Aug 12, 2011
I’ve never participated in the “steampunk” sub-culture that has grown immensely popular in recent years, but I’ve always appreciated the aesthetic. Victorian-era clothing mixed with modern styles, modern devices modified with brass fittings, gears, rivets and bits of machinery sticking out — it’s striking, and I’m surprised that more designers don’t borrow this concept for their games.
In the case of Cranky Cat, the concept, backstory and visual style borrow heavily from steampunk. Characters, menu items and other objects all fit the steampunk ideal. The level select screen appears as a medicine cabinet with bottles representing each round. The actual game screen is a giant gear with a foggy lens revealing the machinery within, featuring dials, gears, belts and pulleys that move and turn when you rotate the cluster of bubbles. It’s fun just to watch it go.
The gameplay, however, has its roots staunchly in modern times. At its core, Cranky Cat is a match-3 game reminiscent of Bust-A-Move, but turned on its head.
To go a bit more in-depth, the point of the game is to operate a devious machine that’s been invented by Cranky Cat in an attempt to distill certain elements that will restore his youthful exuberance. By swiping or tilting your device, you rotate a cluster of colored bubbles arranged in intricate patterns as colored bubbles form on the edges of the screen and collide with the cluster. You just rotate the cluster to expose like-colored bubbles to the incoming bubble and try to match up 3 or more. Matching up like-colored bubbles causes them to burst, and you simply repeat until the field is cleared and the next round begins.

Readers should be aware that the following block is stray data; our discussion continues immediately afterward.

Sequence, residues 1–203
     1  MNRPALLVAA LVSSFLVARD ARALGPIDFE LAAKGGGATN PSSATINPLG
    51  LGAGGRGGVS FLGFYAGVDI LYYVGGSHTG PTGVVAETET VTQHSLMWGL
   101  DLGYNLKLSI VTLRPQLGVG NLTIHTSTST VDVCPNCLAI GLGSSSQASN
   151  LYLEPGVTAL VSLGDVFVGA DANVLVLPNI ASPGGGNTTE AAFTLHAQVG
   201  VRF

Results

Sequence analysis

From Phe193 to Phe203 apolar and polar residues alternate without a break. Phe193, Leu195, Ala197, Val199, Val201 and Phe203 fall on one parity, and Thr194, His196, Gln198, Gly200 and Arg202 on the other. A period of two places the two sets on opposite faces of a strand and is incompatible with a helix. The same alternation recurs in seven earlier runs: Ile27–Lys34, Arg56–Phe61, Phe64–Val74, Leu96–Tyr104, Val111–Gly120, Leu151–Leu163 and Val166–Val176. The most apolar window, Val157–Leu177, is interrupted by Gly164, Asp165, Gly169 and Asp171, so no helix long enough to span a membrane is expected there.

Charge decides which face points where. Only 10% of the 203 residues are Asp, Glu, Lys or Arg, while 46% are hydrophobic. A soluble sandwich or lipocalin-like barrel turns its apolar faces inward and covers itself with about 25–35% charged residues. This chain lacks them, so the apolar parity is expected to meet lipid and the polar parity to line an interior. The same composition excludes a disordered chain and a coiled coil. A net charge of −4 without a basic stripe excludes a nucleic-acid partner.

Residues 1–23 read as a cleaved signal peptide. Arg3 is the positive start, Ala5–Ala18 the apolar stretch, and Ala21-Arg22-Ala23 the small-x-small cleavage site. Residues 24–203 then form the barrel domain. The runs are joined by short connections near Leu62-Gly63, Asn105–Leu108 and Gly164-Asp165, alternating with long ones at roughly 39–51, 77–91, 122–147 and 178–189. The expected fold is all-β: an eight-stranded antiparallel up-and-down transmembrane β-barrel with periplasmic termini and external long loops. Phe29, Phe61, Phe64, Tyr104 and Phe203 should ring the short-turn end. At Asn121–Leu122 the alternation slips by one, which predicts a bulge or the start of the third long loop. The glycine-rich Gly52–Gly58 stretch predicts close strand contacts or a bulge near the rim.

With enough practice, you can get a bubble close to the center of the cluster and hit a crucial point where several other bubbles are hanging on. This can cause all the bubbles that were hanging on to break off and go flying towards the edge before falling back to the center. This allows you to set up combos by rotating the main cluster to match up with the incoming bunch. If you’re not careful, however, the bunch will regroup and go off the edge of the circle, causing the game to end. It gets tricky in later levels.
Despite the excellent visuals and fun gameplay, Cranky Cat does suffer from some severe frame rate drop when you detonate bombs or set off a chain reaction. Sometimes, it’s barely noticeable, but it usually happens when there’s a lot happening on screen.
After having been drawn into Cranky Cat for several hours, and coming back for more, I can definitely say it’s worth the money. Performance issues aside, it’s just a great game that I had a ton of fun playing. Highly recommended.